Thursday, April 14, 2011

WC 2011 Napier

Our stop in Napier was a wonderful experience.

The setting is beautiful.

CruiseGran took a “highlights” tour in the morning, but I signed up for Crystal’s new program- “You Care We Care”. On every cruise, at least one excursion is offered focusing on “voluntourism”- in some way, giving back to the communities we visit.

In the morning, I enjoyed watching logs being loaded with great precision.

I know for some this would be as exciting as watching paint dry, but I find it fascinating!

In the afternoon, Cousin Andi, fellow guest Kathy from Los Angeles, and Ambassador Host John and I set off for Hakikino to learn about and work with the Maori. We visited WaimaramaMaori .

Hakikino is a sacred place where the Maori have lived for over 700 years. They have opened their lives and ways to the world in order to raise awareness, to encourage their children to embrace their historical heritage and to provide the generations to come with an area full of both history and hope.

We had no idea what to expect when we signed up for this volunteer excursion. We were so delighted with our experiences. We were greeted with a traditional Maori welcome, or Powhiri, complete with challenges, offerings and singing, and finally, a Hongi (pressing noses and foreheads together), the Maori version of a kiss on the cheek. This welcome is a very special and sacred ceremony, which could not be photographed.**

We traded bits of information about ourselves and we (the for “Crystal” folks) even had to SING a song as a gesture of greeting! We spontaneously remembered the Girl Scout song “Make New Friends, but Keep the Old. One is Silver and the Other Gold.” Perfectly appropriate!

After the wonderful welcome, we learned a little about their land at Hakakino and their plans for the future.

We were taken down to the plant nursery, where we learned about their project to replant their lands with native species, thereby preserving their lands in their original, unspoiled condition.

This is called a "cabbage tree"--because the leaves taste like....cabbage!

Thistles are beautiful!!

We planted TREES!!!!

Andi's manicure survived!

We laughed hysterically...

We sang to encourage the plants to grow well...

We learned about their native music and how it plays such an important role in their lives.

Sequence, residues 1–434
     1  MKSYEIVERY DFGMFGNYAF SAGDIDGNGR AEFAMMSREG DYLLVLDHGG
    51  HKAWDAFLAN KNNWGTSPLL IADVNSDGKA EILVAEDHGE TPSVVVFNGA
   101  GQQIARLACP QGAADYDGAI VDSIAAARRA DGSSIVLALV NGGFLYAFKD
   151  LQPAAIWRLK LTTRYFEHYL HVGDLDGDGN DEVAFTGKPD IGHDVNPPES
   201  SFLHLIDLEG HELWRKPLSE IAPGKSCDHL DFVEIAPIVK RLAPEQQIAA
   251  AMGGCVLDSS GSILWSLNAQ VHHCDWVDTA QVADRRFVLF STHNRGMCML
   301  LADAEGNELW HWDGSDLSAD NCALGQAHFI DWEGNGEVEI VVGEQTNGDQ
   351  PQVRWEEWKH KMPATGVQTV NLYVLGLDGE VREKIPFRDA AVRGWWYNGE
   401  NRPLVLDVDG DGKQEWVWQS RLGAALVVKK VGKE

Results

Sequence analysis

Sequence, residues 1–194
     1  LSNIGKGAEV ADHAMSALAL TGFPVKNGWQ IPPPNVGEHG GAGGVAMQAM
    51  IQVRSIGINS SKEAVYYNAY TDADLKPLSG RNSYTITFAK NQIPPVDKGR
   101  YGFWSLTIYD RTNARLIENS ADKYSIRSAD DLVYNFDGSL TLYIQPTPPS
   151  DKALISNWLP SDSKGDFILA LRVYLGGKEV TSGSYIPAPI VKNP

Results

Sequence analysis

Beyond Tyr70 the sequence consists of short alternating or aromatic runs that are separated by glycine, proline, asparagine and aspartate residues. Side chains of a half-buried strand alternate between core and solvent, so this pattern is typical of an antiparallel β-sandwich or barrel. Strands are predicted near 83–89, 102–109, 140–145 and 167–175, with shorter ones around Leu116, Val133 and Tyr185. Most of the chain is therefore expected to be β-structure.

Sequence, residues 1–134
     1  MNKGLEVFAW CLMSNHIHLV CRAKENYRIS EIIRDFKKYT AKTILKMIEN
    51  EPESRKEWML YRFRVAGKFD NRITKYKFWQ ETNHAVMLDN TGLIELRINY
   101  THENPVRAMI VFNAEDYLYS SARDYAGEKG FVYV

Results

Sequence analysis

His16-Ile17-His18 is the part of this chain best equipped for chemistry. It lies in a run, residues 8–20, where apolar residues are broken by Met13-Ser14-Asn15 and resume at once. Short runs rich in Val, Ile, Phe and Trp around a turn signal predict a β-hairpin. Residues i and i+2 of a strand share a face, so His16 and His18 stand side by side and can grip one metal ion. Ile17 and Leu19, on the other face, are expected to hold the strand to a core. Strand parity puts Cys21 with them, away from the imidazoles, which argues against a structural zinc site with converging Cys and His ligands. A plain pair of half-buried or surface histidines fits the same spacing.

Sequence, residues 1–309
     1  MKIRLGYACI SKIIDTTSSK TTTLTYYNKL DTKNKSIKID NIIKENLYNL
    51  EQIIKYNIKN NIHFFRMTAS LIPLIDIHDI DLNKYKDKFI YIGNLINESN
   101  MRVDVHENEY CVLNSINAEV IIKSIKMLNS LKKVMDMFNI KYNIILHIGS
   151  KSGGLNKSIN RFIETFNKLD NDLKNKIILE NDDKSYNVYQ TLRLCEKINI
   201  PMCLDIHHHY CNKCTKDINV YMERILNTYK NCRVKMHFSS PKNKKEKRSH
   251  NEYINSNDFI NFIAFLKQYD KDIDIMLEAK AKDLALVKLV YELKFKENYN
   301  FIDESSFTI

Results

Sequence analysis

We chatted and told stories and shared life experiences.

We learned so much- how, even though our lives a dissimilar and we live on opposite sides of the world, we, as adults and parents, all share the same concerns and dreams for our children.

It was one of the most memorable afternoons of my life.

We had a final end-of-day song....

(click on the photo to go to the movie)

And to end it all, we were given the chance to see a spontaneous HAKA!

(click on the photo to go to the movie)

If you cruise with Crystal Cruises, be sure to investigate the voluntourism excursions offered. They are free, and I guarantee that you will come away with a deeper appreciation of the world we all share!

** Well, WE didn't, but if you take a look at Anthony Bourdain's No Reservations episode on New Zealand, part 3, starting at 7:39 and at the beginning of Part 4 you will see it.

Monday, April 11, 2011

Banned in Burma

One of my Captains Voyage friends, O.M. Bugge, let me know yesterday that this little blog here is BANNED IN MYANMAR!!!!!!!!


It must be from my posts in Spring 2008--when I visited there and then the cyclone occurred.

April 8, 2008- Ok, Dude- Per Your Request

May 6, 2008 Myanmar Destruction

May 8, 2008 More Thoughts on Burma

The thought that someone other than family and friends might be reading my blog- that someone might THINK and ACT- is both exciting and humbling.

Small things, as Mother Theresa said....Small things with great love.

Monday Musing

Sunday, April 10, 2011

GMC Prom 2011

Alix and her classmates are deep into preparations for their class' Junior-Senior Prom next Saturday. But she took a break yesterday to accompany "Superbeau" Wesley to his Senior Prom at Georgia Military College.

They stopped a moment at Maison Cou Rouge to take advantage of the azaleas blooming (it IS Masters Week, after all....and the azaleas always bloom on command for the Masters).*

They then proceeded (as did yours truly) to Milledgeville and GMC for the tradition of "Senior Walk Out". From the steps of the Old Capitol Building on campus, Wesley and Alix led off the Lead Out. (It helps to have a last name starting with "A" for these things.)

They looked so wonderful. I also managed to get a group shot of Wesley and his siblings- sister Sarah and brother Will.

They took off to the Milledgeville Country Club for the dance, and I went to dinner with Wesley's mom Sharee and sister Sarah. We had a GREAT time sitting on the deck of a lakeside restaurant.

They made it home exhausted at 3:30am. And we will do it all again NEXT Saturday!

*For my non-golfing buddies, the Masters is one the most prestigious golf tournaments in the world. It's played in Augusta, about an hour from my house. Augusta National Golf Club's course is known for its blooming landscape-especially the azaleas. No matter what the weather each year, the azaleas magically bloom the first week in April.....)